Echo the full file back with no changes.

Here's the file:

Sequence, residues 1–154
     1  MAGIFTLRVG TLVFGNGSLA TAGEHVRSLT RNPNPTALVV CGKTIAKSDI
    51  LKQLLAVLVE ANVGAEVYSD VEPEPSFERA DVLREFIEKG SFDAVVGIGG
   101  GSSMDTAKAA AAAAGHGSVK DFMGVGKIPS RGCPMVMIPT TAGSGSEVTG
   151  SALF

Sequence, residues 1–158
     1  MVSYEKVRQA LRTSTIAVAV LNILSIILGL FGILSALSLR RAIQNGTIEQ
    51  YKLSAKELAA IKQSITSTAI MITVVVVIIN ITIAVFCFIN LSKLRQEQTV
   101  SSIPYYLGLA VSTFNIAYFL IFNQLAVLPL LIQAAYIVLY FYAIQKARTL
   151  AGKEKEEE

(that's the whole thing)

Sequence, residues 1–154
     1  MAGIFTLRVG TLVFGNGSLA TAGEHVRSLT RNPNPTALVV CGKTIAKSDI
    51  LKQLLAVLVE ANVGAEVYSD VEPEPSFERA DVLREFIEKG SFDAVVGIGG
   101  GSSMDTAKAA AAAAGHGSVK DFMGVGKIPS RGCPMVMIPT TAGSGSEVTG
   151  SALF

Sequence, residues 1–158
     1  MVSYEKVRQA LRTSTIAVAV LNILSIILGL FGILSALSLR RAIQNGTIEQ
    51  YKLSAKELAA IKQSITSTAI MITVVVVIIN ITIAVFCFIN LSKLRQEQTV
   101  SSIPYYLGLA VSTFNIAYFL IFNQLAVLPL LIQAAYIVLY FYAIQKARTL
   151  AGKEKEEE